1 May 2011 Last updated at 11:49 ET
The UN is withdrawing all its international staff from the Libyan capital Tripoli following a mob attack on its offices, the BBC understands.
UN buildings and some foreign missions were targeted by angry crowds following a Nato air strike that reportedly killed a son of Col Gaddafi.
A UN official told the BBC its staff would withdraw from Libya and the decision would be reviewed next week.
The UK expelled the Libyan ambassador after its premises were attacked.
UK Foreign Secretary William Hague said ambassador Omar Jelban was "persona non grata" and had been given 24 hours to leave the country.
By not protecting diplomatic missions, the Gaddafi regime had "once again breached its international responsibilities and obligations", said Mr Hague.
He added: "The attacks against diplomatic missions will not weaken our resolve to protect the civilian population in Libya."
The Italian foreign ministry has condemned the "acts of vandalism" on its embassy, describing them as "grave and vile". Italy - which closed its embassy in March and is represented by Turkey - recently joined the Nato mission in Libya.
There were also protests outside the US mission in Tripoli.
A UN official, who confirmed that its offices had been ransacked overnight, said the Libyan government had apologised, blaming an angry mob for the damage.
Most Western governments evacuated staff from Tripoli when an international coalition began air strikes on Libya several weeks ago.
Late on Saturday, the Libyan government said Saif al-Arab Gaddafi and three of Col Gaddafi's grandchildren had died in a Nato attack on a villa in Tripoli.
Foreign reporters were shown widespread damage to the building in Col Gaddafi's Bab al-Aziziya compound.
Nato has insisted its raid targeted a "command-and-control" building, and that all Nato targets were "military in nature".
Libyan government spokesman Moussa Ibrahim said Col Gaddafi and his wife had been in the building at the time of the attack but they were both unharmed.
He said the air strike was against international law and "a direct operation to assassinate the leader of this country".
Nato is operating in Libya under a strict UN mandate to protect civilians.
"How is this helping in the protection of civilians? Mr Saif al-Arab was a civilian, a student," Mr Ibrahim said.
"He was playing and talking to his father and mother and his nieces and nephews and other visitors when he was attacked and killed."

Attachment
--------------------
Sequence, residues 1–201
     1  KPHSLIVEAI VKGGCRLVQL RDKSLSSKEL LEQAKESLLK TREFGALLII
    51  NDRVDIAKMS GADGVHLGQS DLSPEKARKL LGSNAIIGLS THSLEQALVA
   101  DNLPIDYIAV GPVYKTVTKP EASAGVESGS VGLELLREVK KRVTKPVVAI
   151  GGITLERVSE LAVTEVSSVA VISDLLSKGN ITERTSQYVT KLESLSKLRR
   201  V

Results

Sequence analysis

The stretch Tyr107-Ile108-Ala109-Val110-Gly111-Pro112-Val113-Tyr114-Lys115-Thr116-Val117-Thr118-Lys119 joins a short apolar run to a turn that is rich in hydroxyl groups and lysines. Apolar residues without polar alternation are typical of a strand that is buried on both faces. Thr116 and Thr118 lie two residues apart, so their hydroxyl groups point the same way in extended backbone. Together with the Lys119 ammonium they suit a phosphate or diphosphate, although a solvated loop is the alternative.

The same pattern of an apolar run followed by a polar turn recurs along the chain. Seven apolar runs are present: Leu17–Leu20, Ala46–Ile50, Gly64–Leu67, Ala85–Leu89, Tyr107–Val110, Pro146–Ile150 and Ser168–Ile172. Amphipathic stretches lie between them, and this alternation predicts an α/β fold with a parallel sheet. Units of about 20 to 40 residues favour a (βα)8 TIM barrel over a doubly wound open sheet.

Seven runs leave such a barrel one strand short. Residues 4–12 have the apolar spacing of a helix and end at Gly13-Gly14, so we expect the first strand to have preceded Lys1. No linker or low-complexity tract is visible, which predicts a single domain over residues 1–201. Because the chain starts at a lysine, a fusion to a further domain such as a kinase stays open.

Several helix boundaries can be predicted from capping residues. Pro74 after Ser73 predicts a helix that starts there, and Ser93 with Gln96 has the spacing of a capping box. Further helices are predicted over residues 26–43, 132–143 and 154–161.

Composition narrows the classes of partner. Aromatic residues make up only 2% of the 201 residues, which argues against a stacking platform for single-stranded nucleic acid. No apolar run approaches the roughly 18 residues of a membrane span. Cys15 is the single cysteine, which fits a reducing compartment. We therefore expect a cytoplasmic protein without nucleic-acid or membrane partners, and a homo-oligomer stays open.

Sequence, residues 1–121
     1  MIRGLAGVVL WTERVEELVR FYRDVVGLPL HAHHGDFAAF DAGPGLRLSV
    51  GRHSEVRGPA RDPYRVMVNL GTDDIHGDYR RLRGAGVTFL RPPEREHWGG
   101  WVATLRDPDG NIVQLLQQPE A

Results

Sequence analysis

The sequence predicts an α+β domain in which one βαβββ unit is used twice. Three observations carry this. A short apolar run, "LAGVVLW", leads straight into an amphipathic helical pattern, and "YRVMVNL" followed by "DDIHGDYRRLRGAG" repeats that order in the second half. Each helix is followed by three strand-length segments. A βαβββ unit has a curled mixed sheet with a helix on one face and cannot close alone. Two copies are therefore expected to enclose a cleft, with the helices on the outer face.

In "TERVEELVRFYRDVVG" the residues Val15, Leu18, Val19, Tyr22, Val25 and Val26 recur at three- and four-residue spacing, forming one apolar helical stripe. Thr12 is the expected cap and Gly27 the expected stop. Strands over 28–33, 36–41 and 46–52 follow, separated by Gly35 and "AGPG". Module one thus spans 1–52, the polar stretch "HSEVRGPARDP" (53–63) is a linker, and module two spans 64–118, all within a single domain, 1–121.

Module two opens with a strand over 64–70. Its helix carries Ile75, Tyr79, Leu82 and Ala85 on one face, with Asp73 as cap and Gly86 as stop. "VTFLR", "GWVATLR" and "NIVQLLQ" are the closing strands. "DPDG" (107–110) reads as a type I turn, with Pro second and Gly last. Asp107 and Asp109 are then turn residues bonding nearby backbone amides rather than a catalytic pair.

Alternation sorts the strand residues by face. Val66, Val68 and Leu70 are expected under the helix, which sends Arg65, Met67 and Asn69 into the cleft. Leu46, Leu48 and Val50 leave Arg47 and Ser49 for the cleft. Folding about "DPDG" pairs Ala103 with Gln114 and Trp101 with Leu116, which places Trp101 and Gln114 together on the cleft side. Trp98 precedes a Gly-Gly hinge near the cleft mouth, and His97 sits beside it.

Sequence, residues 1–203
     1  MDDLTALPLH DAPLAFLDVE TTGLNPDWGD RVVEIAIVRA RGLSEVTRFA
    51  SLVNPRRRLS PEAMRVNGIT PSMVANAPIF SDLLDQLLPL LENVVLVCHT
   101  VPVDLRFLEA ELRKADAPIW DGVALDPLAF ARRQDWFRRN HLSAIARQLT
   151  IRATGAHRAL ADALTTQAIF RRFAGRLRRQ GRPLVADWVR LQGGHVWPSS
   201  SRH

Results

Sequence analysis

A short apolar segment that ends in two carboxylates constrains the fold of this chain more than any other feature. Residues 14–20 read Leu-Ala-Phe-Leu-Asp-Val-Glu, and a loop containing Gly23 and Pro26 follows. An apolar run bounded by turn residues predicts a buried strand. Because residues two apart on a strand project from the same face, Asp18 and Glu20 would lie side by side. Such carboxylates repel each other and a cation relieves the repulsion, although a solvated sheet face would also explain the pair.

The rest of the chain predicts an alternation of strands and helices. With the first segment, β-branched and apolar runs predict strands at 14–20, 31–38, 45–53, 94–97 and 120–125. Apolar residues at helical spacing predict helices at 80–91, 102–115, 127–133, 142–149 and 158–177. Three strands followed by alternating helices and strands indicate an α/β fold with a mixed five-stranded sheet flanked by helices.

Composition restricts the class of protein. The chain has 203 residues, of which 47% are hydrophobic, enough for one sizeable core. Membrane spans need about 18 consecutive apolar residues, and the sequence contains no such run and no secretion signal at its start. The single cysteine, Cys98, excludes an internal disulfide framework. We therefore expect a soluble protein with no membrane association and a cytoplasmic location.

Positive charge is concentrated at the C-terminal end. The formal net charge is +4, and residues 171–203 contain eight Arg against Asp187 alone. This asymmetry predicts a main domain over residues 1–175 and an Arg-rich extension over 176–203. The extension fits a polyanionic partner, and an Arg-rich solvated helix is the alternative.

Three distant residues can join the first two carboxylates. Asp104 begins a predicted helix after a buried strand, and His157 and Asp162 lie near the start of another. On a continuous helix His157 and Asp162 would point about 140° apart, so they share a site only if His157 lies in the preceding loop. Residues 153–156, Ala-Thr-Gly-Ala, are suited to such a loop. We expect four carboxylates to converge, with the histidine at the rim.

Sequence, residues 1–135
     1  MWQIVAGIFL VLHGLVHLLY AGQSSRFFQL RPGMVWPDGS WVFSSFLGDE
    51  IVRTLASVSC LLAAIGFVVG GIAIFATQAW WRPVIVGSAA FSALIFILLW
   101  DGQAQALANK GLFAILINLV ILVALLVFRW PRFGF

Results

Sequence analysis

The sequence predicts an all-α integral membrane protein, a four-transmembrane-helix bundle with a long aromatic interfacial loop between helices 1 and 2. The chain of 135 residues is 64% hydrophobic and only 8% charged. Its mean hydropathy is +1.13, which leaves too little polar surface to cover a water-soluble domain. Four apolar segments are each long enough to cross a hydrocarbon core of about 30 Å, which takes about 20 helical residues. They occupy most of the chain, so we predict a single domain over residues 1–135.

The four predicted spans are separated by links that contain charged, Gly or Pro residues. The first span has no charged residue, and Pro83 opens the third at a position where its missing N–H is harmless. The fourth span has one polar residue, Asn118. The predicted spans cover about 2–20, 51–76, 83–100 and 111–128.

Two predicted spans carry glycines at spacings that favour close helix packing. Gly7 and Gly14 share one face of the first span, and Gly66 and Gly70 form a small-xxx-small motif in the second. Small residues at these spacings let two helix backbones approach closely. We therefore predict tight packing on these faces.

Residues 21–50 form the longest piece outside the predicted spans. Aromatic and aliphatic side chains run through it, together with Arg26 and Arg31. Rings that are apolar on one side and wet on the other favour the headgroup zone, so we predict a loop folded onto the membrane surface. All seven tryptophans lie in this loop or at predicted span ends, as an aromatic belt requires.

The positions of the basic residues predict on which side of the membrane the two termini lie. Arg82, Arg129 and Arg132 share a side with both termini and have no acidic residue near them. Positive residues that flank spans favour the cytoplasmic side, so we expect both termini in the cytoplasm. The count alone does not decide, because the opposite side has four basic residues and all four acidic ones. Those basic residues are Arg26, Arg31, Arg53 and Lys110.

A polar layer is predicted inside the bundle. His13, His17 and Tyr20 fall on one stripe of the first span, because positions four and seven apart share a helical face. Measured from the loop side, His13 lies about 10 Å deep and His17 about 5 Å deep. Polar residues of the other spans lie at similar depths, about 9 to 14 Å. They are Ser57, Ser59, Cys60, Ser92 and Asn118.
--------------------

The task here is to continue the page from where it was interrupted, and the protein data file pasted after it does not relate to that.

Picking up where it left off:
The BBC's Christian Fraser witnessed the damage and said that if Col Gaddafi had been there, it is hard to imagine he could have walked away from the scene unscathed.
Russia expressed "serious doubts" that the West was not targeting Col Gaddafi and his family.
"The claims of the coalition members that strikes over Libya do not have the physical destruction of Muammar Gaddafi and members of his family as their goal cause serious doubts," a statement from the foreign ministry said.
"Reports of casualties among civilians are being received in Moscow with increasing concern," it added.
In the eastern rebel stronghold of Benghazi, shots were fired in celebration following the reports that Saif al-Arab Gaddafi had been killed.
However, the claims were also treated with scepticism.
Mahmoud Shammam, spokesman for the anti-Gaddafi Transitional National Council (TNC) based in Benghazi, told Al-Jazeera he believed it was "a ploy to fish for people's sympathy".
Benghazi resident Khaled al-Urfi told AP news agency: "We don't know if it is true or not because Gaddafi is a liar. I will only believe it if you put the body in front of me."
On Saturday, Nato officials said the alliance would not consider talks until government forces stopped attacks on civilians.
The vice-chairman of the rebel Transitional National Council also rejected the offer of negotiations.
He said the Libyan leader had "offered ceasefires only to continue violating basic human rights".
At the scene
BBC News, Tripoli
A UN official here on a humanitarian mission confirmed that overnight the offices of the UN had been ransacked.
As the reported death of Saif al-Arab Gaddafi spread around the city, there were angry demonstrations, seemingly more spontaneous than those we have witnessed so far.
UN officials say they have expressed their concerns to the Libyan government who have since apologised, blaming an angry mob for the damage.
The UN lost seven of its staff recently in the storming of a UN compound in Mazar-e Sharif, Afghanistan. It seems they are not about to take risks here and, according to this official, they are now withdrawing all their international staff.
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